Losing a customer – How do you deal with it?

One of your customers has just contacted you to say that they have decided to switch their service provider. They don’t owe you any money and there doesn’t appear to have been a dispute over anything. What’s the best way of dealing with it?

Whilst you are obviously disappointed it is important to consider why they may have chosen to switch.

Find out why

Ask them for the reasons why they have chosen this route. It is likely to be one, or a combination of, two main reasons

  • Price – they have found something cheaper
  • Service – they don’t feel they have received the service they expected

If it is a question of price, then ask them what service levels they expect for the money they are paying as the two are interlinked. If the new provider is reducing services to meet the price consider whether you can drop some of your services.

It is important not to offer a reduced rate as this devalues what the customer has been paying previously. They may even resent have paid a higher premium in the past!

However, be wary that if the alternative supplier is providing the same level of service for a significantly lower fee then maybe it’s time to consider your own pricing. It is often a good idea to keep an eye on your competition as part of your marketing strategy anyway.

If the issue is a poor service that has been provided then you really need to delve further. Have they approached you previously about it? Are other staff aware or at fault?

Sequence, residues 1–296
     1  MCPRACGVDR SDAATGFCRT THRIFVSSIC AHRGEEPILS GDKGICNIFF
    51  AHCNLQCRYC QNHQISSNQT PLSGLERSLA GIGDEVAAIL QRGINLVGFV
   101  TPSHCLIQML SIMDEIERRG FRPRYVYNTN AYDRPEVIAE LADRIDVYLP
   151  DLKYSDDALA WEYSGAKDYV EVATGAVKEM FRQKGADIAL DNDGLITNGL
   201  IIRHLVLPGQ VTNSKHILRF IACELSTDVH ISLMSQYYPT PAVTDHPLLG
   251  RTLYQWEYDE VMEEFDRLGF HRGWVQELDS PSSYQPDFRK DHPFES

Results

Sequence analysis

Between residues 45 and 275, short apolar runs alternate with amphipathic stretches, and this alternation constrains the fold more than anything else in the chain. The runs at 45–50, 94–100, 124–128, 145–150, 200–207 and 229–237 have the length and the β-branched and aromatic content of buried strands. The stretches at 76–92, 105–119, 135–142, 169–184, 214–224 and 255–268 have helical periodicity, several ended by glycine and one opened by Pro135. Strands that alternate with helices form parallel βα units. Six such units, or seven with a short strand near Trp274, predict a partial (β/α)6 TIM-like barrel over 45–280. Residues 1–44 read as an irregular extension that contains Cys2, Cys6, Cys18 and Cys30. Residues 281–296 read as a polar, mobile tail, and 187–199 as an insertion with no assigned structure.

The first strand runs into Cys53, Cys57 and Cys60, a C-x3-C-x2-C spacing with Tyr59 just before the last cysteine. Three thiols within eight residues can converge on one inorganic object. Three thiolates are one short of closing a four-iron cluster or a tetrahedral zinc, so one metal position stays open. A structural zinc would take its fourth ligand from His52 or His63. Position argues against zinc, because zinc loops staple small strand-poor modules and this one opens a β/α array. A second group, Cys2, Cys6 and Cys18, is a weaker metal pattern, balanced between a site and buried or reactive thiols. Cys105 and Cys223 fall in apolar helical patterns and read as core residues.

This is a much tougher nut to crack and certainly unlikely to turn around but at least if you know why you can deal with the issue for future customers.

Still leaving – what next

So you’ve identified the reasons, attempted to compromise, and they still wish you to leave. What’s the best strategy now?

You could of course get mad. Start to rant and rave at them. Tell them how disloyal they are being etc. etc. Then tell all of your friends and business colleagues. But let’s face it this will do neither party any favours.

Be polite, thank them for their business, and remind them that you will still be there if they are not happy with their new provider. Even see if you can make the transition ‘easier’. This may sound bizarre but remember they are still a potential future customer. If you offer a professional service in the time that they are leaving you are much more likely to leave on a good note.

Keep in touch with the customer. Not too often to be harassing but every now and then call them or email just asking how they are getting on. A polite and courteous approach may just win them back in the future.

To summarise, they may be leaving but they may come back – be nice!

This article has been kindly contributed by Phil Hendy of PAH Accounting. You can also follow Phil on Twitter

Image: jscreationzs / FreeDigitalPhotos.net

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2 thoughts on “Losing a customer – How do you deal with it?

  1. Rowland you raise some really interesting points here. I agree wholeheartedly. As a case study I have clients who I find out have decided to book their holidays elsewhere for various reasons, but usually they see a ‘deal’ and decide to act. I never feel a need to challenge the customers decision, but I do like to find out why I didn’t get there business and explain I need to know for future referece and was it the service provided. I always send them a welcome home postcard and keep them updated with newsletters and weekly offers.
    The clients often come back or still referr me. Always keep communication channels open.

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